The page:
Author Archives: Giorgio Bertini

About Giorgio Bertini

Research Professor. Founder Director at Learning Change Project - Research on society, culture, art, neuroscience, cognition, critical thinking, intelligence, creativity, autopoiesis, self-organization, rhizomes, complexity, systems, networks, leadership, sustainability, thinkers, futures ++

Aging, Empathy, and Prosociality

Although empathy is a well-established motivation in younger adults for helping others, it is not known whether this extends to aging. Prioritization of socioemotional goals with age may increase the salience of helping others (i.e., prosocial behavior), but older adults … Continue reading

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The language of cooperation: shared intentionality and group membership

While we know that the degree to which humans are able to cooperate is unrivalled by other species, the variation humans actually display in their cooperative behaviour has yet to be fully explained. This may be because research based on … Continue reading

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Human thinking, shared intentionality, and egocentric biases

The paper briefly summarises and critiques Tomasello’s  A Natural History of Human Thinking. After offering an overview of the book, the paper focusses on one particular part of Tomasello’s proposal on the evolution of uniquely human thinking and raises two … Continue reading

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Education and the social brain: linking language, thinking, teaching and learning

Several fields of investigation, including developmental psychology, evolutionary psychology, educational research and neuroscience have begun to recognize the essentially social quality of human cognition, as represented by the concept of the ‘social brain’. In this article, I discuss this concept, … Continue reading

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How interpersonal synchrony facilitates early prosocial behavior

When infants and children affiliate with others, certain cues may direct their social efforts to “better” social partners. Interpersonal synchrony, or when two or more people move together in time, can be one such cue. In adults, experiencing interpersonal synchrony … Continue reading

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Prosocial Consequences of Interpersonal Synchrony

The capacity to establish interpersonal synchrony is fundamental to human beings because it constitutes the basis for social connection and understanding. Interpersonal synchrony refers to instances when the movements or sensations of two or more people overlapin time and form. … Continue reading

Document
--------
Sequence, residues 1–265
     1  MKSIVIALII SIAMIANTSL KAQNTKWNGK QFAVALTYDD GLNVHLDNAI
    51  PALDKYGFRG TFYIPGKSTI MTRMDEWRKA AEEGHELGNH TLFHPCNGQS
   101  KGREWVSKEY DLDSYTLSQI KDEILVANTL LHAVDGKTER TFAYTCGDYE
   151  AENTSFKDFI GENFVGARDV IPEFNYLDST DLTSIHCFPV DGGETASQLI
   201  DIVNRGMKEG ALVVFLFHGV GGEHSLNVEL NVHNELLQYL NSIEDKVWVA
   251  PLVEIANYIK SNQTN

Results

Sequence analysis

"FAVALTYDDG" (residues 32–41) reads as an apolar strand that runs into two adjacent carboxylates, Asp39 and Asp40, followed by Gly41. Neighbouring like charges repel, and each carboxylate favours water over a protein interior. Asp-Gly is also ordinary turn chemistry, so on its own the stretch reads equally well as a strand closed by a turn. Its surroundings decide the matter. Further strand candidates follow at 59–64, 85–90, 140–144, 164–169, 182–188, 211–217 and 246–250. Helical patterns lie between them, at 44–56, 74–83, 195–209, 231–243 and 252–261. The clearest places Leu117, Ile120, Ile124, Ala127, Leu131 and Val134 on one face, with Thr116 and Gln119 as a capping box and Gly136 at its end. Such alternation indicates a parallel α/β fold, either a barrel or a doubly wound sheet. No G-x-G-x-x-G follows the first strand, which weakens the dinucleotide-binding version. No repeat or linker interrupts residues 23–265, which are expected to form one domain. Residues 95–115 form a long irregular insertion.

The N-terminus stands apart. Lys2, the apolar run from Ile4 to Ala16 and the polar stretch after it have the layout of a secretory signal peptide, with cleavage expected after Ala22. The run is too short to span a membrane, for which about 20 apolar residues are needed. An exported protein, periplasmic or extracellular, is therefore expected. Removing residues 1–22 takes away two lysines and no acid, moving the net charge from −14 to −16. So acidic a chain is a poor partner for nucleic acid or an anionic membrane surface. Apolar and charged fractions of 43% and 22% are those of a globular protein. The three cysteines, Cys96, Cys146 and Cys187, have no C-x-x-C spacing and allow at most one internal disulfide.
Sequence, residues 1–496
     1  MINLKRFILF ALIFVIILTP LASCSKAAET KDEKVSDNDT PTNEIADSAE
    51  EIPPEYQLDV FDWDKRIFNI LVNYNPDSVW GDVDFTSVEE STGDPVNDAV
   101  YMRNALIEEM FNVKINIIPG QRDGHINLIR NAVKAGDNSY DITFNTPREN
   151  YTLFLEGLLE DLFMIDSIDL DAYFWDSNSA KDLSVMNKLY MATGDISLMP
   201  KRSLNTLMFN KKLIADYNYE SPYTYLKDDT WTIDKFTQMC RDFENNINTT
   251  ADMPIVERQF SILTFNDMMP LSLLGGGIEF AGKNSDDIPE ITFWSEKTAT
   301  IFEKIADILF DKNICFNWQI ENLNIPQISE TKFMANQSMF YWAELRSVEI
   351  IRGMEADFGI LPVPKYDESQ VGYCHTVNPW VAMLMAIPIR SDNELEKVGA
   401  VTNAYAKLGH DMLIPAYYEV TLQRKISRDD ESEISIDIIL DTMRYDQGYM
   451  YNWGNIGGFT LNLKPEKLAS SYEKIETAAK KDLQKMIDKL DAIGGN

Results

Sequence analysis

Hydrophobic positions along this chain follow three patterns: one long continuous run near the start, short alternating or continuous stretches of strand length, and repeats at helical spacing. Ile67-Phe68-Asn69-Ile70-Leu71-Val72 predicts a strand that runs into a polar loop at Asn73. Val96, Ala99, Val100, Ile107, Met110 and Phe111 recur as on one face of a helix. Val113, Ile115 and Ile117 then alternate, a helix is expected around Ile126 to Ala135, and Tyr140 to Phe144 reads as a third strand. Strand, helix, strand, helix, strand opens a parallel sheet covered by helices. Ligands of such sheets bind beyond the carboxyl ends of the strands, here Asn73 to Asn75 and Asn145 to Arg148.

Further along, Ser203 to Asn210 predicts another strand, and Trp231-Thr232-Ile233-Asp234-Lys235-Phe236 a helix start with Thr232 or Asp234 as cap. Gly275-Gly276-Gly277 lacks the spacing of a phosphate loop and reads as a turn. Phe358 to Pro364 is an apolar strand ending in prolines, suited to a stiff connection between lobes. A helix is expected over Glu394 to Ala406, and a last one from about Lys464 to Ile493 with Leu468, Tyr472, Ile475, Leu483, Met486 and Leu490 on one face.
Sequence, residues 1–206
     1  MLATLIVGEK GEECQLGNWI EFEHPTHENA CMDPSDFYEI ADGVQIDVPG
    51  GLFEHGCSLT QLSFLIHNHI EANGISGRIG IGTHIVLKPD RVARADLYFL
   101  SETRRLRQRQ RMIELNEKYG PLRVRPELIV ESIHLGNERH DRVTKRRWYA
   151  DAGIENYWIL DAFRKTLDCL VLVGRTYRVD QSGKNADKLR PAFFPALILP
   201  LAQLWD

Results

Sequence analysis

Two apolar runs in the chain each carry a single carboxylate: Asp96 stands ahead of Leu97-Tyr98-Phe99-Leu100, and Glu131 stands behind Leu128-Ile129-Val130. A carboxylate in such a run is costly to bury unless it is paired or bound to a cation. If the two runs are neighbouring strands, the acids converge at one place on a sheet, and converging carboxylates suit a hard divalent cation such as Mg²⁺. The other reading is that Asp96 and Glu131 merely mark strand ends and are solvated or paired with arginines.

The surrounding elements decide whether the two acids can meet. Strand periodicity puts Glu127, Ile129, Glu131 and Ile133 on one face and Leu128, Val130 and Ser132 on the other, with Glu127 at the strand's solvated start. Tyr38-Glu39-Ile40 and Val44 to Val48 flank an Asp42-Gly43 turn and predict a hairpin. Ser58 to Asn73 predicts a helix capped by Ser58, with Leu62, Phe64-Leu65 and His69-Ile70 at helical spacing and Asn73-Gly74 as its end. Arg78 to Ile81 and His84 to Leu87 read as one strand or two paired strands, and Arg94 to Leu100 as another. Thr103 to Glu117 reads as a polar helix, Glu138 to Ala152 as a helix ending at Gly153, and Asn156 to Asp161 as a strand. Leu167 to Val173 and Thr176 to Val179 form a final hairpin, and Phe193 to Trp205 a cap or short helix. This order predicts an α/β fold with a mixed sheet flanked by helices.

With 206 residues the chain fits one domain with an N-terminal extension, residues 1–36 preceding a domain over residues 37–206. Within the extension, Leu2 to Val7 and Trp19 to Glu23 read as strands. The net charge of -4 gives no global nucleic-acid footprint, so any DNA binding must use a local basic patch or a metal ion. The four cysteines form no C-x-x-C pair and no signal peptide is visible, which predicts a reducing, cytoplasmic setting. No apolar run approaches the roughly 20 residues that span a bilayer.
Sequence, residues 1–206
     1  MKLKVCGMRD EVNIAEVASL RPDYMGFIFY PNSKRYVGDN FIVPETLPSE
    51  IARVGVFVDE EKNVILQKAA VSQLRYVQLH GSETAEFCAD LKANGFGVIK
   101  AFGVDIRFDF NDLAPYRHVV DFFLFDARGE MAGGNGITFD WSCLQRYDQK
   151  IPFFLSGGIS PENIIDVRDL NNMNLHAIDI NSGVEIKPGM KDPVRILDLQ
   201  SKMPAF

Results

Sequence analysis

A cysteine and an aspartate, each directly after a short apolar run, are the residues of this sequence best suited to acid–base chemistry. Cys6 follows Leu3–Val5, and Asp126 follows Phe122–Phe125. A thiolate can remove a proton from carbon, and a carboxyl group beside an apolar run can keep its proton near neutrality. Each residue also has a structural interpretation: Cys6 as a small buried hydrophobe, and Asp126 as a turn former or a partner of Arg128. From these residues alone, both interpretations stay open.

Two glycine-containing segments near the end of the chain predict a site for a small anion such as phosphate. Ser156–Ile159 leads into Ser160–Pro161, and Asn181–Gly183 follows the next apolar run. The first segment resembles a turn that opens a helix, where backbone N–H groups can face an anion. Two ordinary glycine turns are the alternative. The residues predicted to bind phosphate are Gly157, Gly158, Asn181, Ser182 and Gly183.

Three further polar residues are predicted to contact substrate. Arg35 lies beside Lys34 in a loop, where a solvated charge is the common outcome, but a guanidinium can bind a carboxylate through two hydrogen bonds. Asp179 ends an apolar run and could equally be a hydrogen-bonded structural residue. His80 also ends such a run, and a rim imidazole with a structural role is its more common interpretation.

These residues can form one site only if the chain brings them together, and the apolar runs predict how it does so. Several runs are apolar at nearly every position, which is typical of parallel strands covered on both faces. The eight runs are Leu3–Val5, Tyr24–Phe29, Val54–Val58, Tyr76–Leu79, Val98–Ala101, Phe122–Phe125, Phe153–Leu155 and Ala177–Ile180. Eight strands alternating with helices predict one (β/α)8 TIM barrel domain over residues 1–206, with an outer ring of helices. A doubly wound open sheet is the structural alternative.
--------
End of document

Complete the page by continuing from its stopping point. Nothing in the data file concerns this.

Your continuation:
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The rewarding nature of social interactions

The objective of this short review is to highlight rewarding aspects of social interactions for humans and discuss their neural basis. Thereby we report recent research findings to illustrate how social stimuli in general are processed in the reward system … Continue reading

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Social Interactions Receive Priority to Conscious Perception

Humans are social animals, constantly engaged with other people. The importance of social thought and action is hard to overstate. However, is social information so important that it actually determines which stimuli are promoted to conscious experience and which stimuli … Continue reading

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Culture-gene coevolution, norm-psychology and the emergence of human prosociality

Diverse lines of theoretical and empirical research are converging on the notion that human evolution has been substantially influenced by the interaction of our cultural and genetic inheritance systems. The application of this culture-gene coevolutionary approach to understanding human social … Continue reading

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The emergence of human prosociality: aligning with others through feelings, concerns, and norms

The fact that humans cooperate with nonkin is something we take for granted, but this is an anomaly in the animal kingdom. Our species’ ability to behave prosocially may be based on human-unique psychological mechanisms. We argue here that these … Continue reading

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